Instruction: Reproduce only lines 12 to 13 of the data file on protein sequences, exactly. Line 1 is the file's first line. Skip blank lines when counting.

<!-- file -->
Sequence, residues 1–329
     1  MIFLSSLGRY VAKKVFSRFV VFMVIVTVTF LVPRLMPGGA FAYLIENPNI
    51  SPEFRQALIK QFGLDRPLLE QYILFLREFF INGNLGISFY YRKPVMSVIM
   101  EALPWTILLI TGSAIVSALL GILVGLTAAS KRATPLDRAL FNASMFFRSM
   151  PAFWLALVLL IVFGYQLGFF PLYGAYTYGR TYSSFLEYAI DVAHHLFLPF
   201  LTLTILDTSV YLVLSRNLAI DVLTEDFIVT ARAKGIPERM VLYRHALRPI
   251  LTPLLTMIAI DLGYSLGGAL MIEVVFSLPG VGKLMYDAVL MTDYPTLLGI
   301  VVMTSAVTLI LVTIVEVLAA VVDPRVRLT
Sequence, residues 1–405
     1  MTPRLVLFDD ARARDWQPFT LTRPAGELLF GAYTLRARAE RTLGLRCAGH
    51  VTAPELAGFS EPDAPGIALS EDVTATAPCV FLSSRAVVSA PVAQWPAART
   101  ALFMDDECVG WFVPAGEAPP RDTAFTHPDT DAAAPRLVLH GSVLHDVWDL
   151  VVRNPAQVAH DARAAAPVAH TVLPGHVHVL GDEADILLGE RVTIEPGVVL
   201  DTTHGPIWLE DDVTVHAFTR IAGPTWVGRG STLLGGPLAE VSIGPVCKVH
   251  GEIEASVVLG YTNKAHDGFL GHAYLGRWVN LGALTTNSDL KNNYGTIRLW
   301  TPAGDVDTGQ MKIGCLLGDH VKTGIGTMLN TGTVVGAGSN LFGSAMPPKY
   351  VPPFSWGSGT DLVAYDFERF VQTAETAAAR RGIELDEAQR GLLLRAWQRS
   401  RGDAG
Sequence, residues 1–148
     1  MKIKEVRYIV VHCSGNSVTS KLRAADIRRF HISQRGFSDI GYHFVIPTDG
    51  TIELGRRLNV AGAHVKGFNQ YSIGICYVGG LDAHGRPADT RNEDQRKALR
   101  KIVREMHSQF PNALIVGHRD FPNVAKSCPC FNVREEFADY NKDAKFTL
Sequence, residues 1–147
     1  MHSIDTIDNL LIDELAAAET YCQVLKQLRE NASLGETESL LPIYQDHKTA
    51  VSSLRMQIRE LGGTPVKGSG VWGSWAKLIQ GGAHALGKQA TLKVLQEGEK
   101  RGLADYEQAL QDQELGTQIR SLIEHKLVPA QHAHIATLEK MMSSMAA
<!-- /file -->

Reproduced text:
   101  ALFMDDECVG WFVPAGEAPP RDTAFTHPDT DAAAPRLVLH GSVLHDVWDL
   151  VVRNPAQVAH DARAAAPVAH TVLPGHVHVL GDEADILLGE RVTIEPGVVL